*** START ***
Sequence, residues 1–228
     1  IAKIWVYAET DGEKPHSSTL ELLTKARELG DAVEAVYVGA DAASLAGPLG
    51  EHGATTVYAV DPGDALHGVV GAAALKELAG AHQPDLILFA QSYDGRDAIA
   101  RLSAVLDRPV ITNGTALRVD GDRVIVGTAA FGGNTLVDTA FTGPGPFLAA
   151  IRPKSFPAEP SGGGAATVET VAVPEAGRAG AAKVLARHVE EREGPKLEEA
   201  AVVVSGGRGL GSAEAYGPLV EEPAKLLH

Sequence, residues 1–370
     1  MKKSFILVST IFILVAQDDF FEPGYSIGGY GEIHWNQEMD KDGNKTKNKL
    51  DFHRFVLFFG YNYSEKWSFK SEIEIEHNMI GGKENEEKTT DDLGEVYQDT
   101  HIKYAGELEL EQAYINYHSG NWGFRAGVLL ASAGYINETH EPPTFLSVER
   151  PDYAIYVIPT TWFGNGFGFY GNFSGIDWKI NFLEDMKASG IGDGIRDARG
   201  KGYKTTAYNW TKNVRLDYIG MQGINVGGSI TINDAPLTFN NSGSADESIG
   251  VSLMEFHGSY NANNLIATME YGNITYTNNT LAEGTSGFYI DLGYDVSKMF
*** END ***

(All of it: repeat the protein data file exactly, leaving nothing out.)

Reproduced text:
Sequence, residues 1–228
     1  IAKIWVYAET DGEKPHSSTL ELLTKARELG DAVEAVYVGA DAASLAGPLG
    51  EHGATTVYAV DPGDALHGVV GAAALKELAG AHQPDLILFA QSYDGRDAIA
   101  RLSAVLDRPV ITNGTALRVD GDRVIVGTAA FGGNTLVDTA FTGPGPFLAA
   151  IRPKSFPAEP SGGGAATVET VAVPEAGRAG AAKVLARHVE EREGPKLEEA
   201  AVVVSGGRGL GSAEAYGPLV EEPAKLLH

Sequence, residues 1–370
     1  MKKSFILVST IFILVAQDDF FEPGYSIGGY GEIHWNQEMD KDGNKTKNKL
    51  DFHRFVLFFG YNYSEKWSFK SEIEIEHNMI GGKENEEKTT DDLGEVYQDT
   101  HIKYAGELEL EQAYINYHSG NWGFRAGVLL ASAGYINETH EPPTFLSVER
   151  PDYAIYVIPT TWFGNGFGFY GNFSGIDWKI NFLEDMKASG IGDGIRDARG
   201  KGYKTTAYNW TKNVRLDYIG MQGINVGGSI TINDAPLTFN NSGSADESIG
   251  VSLMEFHGSY NANNLIATME YGNITYTNNT LAEGTSGFYI DLGYDVSKMF